publication date: 2006
pages (including back matter): 319
The Man Who Knew Too Much refers to Alan Turing, a gay Englishman who broke the Nazi’s code in WWII, basically invented the computer, and killed himself while on a forced estrogen treatment given to him by his government to “cure” him of his homosexuality. Embarrassingly, I had not heard of him before I heard of this book.
Turing’s story was incredibly compelling. He was a math and mechanical genius who used his intellect to create the foundation for computers, including a proto-computer that cracked the code of the Nazi coding device, Enigma. Further, his death was avoidable and tragic. However, Turing’s story as told by David Leavitt was sometimes uninteresting and dry.
Leavitt spent a good deal of time explaining the math involved in Turing’s discoveries. There were several passages that included equations, tables, and strings of numbers. I enjoy reading about math so, generally, I didn’t find these passages dull. A few times, however, I didn’t think Leavitt understood what he was explaining (Leavitt is a creative writing professor), which made his explanations muddled, tedious, and hard for me to grasp.
Further, Leavitt did not use nearly as much detail describing Turing’s personal life or experiences as he did describing the math involved. Leavitt instead often spoke in generalities or hypotheticals. For example, Leavitt repeatedly noted Turing was lonely but he provided no further explanation, such as how Leavitt knew he was lonely, what caused his specific loneliness, how he coped with it, or anything of the sort. I’m not sure why Leavitt was so withholding, because the bits of Turing’s life that he did introduce were illuminating. Especially fascinating was a short story Turing wrote about a scientist named Alec Pryce who sexually propositions Ron, a young man.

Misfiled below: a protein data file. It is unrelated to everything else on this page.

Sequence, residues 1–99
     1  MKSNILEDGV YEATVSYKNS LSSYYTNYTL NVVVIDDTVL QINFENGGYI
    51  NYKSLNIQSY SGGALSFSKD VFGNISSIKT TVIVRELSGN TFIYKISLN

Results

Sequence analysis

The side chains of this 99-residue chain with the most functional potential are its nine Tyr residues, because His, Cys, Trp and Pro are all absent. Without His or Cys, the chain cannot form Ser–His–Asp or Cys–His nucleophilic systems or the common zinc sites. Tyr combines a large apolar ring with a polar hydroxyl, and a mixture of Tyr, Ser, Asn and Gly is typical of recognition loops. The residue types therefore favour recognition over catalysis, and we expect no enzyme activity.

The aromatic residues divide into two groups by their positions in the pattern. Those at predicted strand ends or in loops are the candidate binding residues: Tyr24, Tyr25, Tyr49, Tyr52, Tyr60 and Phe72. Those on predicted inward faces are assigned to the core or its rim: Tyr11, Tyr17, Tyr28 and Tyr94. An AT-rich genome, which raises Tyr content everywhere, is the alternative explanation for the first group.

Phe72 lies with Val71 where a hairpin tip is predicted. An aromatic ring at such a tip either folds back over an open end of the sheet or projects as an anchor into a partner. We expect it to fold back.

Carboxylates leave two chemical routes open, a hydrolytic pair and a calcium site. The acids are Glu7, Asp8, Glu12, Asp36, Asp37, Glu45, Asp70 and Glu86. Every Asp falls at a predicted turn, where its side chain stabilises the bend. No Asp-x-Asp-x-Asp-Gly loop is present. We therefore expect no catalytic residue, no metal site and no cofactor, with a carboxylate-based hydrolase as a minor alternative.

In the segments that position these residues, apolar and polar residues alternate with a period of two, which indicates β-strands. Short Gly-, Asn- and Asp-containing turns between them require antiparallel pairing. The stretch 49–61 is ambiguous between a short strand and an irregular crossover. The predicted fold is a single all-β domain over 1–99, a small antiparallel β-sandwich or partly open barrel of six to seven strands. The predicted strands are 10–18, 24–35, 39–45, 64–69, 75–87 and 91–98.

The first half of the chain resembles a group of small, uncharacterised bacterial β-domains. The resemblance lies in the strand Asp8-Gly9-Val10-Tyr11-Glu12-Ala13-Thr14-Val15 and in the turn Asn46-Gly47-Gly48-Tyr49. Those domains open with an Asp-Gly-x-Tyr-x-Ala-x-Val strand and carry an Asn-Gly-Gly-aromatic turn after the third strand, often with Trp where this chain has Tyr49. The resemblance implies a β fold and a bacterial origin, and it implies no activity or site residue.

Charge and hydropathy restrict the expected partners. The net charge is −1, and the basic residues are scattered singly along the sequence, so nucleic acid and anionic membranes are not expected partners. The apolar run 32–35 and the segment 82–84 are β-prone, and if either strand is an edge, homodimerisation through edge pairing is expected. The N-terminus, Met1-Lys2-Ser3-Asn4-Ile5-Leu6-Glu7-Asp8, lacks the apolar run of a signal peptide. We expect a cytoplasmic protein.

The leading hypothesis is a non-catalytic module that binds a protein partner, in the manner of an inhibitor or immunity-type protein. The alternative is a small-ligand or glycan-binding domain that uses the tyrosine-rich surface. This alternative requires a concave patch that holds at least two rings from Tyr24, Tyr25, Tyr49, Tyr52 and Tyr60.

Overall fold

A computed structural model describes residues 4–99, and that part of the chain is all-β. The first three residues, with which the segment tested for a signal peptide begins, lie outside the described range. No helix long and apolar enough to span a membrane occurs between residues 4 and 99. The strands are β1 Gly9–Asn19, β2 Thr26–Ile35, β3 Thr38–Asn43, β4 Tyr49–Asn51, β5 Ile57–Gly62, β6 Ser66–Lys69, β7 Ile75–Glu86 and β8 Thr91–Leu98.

Leavitt’s discussion of Turing’s death was woefully sparse. With only five pages left in the book, Leavitt wrote, “Mrs. Clayton, his housekeeper, found Alan Turing’s dead body in his bed on the morning of June 8, 1954. Nearby was an apple out of which several bites had been taken.” Leavitt then spent several paragraphs discussing letters written by Turing’s mother after his death. On the last few pages, Leavitt finally reflects on Turing’s suicide, although in only a few paragraphs. Leavitt’s cursory discussion left me wondering what the whole point was. Leavitt clearly was enthralled by Turing’s life and death, but he provided no explanation or reflection as to why.
However, The Man Who Knew Too Much was an enjoyable book that delved into a fascinating life and regrettable death. The book has something to offer to varied types of people, including those interested in math, history, or queer studies.
4/6: worth reading
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